By Anna Johansson • June 20, 2018•Careers
Naturally, your profession as a lawyer puts you in the middle of a lot of conflict. Sometimes this conflict is indirect, while other times it directly involves your clients. Knowing how to resolve conflict successfully is integral to success.
Conflict Management Tips and Strategies
Whether you work in family law, business law, criminal law, or any specialty in between, conflict is a major part of what you do. There’s almost always some sort of problem that your client is dealing with and it’s up to you to help them identify a solution and proactive strategy for pushing forward.
The problem is that most law schools don’t prepare students for this aspect of the job. Conflict resolution isn’t a part of the curriculum. If it is, it’s typically a single chapter in a syllabus, rather than an entire course. Thus, graduates don’t get experience with managing disagreements until they enter the real world and start working with actual clients.
If you’ve found this to be true, it’s imperative that you start cultivating your conflict resolution skillset so that you can become the lawyer your clients need.
Here are some helpful tips and strategies:
1. Keep Emotions From Ruling the Day
In conflict, it’s the emotions that typically get in the way. While easier said than done, you stand the best chance of diffusing a situation and resolving a problem if you’re able to strip away the emotions (or at least soften them).
Take divorce as an example. Nothing is more emotional than ending a marriage. It’s one of the most difficult conflicts for a lawyer to resolve. However, some attorneys are better at divorce negotiations than others. In most cases, you’ll find this is the direct result of how they approach the discussions.
Foster LLP is a great example. When their clients are preparing for a divorce, the first thing they advise doing is organizing financial records. Among other things, this serves as a way to focus on the facts. When the facts are laid out for everyone to see, emotions don’t have as much room to flourish.
If you want to keep emotions at bay, you have to find a way to elevate facts above emotions. This centers the conversation and keeps all parties focused on the truth.
2. Find Common Ground
In order to resolve a conflict, you have to find some sort of common ground. Even the smallest detail can transform a dead-end argument into a productive discussion.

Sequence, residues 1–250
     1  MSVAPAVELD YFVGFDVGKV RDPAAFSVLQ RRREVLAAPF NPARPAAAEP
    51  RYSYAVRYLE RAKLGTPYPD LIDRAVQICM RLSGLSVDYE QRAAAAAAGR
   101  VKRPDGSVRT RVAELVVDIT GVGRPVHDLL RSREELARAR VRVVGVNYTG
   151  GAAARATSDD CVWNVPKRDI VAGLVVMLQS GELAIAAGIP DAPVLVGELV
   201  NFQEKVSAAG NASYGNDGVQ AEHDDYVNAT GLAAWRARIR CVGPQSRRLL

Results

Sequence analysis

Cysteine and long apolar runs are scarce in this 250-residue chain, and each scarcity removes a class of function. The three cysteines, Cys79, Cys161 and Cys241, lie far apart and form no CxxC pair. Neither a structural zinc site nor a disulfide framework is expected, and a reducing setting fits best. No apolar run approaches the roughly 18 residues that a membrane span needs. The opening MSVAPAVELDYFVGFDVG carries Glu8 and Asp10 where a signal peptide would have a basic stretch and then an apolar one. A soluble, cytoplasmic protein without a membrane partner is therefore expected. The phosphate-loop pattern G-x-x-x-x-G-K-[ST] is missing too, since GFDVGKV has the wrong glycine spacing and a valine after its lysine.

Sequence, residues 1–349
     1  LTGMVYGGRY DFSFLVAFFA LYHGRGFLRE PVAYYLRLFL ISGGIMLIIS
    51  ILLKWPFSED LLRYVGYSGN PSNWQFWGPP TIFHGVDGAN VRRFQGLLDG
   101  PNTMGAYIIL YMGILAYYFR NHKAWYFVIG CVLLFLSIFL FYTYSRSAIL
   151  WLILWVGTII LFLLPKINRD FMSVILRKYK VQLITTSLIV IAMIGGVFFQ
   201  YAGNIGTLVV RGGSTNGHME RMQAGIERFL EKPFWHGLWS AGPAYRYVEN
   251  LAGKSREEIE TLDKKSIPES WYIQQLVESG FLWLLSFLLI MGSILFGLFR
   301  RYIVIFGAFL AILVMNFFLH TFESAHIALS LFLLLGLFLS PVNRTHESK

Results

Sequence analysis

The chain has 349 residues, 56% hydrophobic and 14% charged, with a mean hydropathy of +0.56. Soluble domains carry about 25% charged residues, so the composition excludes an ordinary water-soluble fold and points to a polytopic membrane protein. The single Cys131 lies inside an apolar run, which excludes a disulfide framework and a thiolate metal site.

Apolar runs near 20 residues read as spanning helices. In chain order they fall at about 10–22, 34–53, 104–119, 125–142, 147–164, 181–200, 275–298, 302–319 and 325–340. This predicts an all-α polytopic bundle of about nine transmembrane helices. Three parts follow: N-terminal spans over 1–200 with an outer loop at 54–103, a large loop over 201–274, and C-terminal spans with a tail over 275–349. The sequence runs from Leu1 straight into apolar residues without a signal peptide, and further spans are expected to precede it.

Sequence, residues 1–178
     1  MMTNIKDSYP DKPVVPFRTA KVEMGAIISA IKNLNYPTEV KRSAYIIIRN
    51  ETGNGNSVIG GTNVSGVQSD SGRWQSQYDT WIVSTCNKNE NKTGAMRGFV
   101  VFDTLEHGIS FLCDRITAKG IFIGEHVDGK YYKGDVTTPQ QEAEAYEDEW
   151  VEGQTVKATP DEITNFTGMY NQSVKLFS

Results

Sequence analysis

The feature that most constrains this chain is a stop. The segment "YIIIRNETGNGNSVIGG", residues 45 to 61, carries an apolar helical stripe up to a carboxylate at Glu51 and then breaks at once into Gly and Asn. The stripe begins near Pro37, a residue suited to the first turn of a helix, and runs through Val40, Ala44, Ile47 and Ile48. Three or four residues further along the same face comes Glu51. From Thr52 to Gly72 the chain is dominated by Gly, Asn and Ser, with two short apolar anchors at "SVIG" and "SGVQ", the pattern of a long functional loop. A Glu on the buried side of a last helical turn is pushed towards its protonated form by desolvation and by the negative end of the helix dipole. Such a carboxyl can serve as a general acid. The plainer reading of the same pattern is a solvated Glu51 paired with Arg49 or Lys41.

Sometimes common ground will make both parties happy, while other times it just makes them less angry. Whatever it is, unpack it and see where it takes you.
3. Move People Away From the Extremes
In the beginning stages of a conflict, the parties involved are often on the extreme ends of the situation. Take a divorce as an example. Both parents frequently ask for sole custody of the children – i.e. the most extreme position. When both individuals are on the extreme side of a conflict, it’s hard to move the needle towards resolution.
You make progress by moving people away from the extremes. The parties might not meet exactly in the middle, but if you can get one individual to move 60 percent and the other to move 40 percent, you’ve done your job.
4. Create Win-Win Options
Whenever possible, create win-win scenarios where both parties are happy with the outcome. In a win-win, everyone feels like they’re walking away a winner, even if they’re also losing out on other things. Focus on the positives and soften the blow of the negatives.
Putting It All Together
“Conflict, itself, is not negative, but our responses to it can be,” says Nora Riva Bergman, a leading law practice consultant. “Implementing the right conflict management strategies and techniques in response to conflict will affect the outcome in a much more positive way.”
Conflict resolution isn’t about making everyone happy or finding a perfect solution. In many cases, there is no harmonious outcome. Your job is to look out for the best interests of your client and do everything within your power to ensure they’re taken care of. When you’re able to do this consistently, everything else tends to fall into place.